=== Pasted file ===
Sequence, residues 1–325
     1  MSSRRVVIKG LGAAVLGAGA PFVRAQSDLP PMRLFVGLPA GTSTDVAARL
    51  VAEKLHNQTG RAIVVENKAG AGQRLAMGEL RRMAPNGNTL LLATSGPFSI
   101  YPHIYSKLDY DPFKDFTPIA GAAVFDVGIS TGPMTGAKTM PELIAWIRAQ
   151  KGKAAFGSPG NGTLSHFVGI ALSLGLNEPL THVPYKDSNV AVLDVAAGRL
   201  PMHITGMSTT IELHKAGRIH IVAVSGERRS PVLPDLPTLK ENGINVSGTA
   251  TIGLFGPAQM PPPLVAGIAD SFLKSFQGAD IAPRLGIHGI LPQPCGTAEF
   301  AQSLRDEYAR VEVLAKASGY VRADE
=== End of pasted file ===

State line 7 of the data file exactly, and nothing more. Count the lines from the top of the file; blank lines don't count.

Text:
   251  TIGLFGPAQM PPPLVAGIAD SFLKSFQGAD IAPRLGIHGI LPQPCGTAEF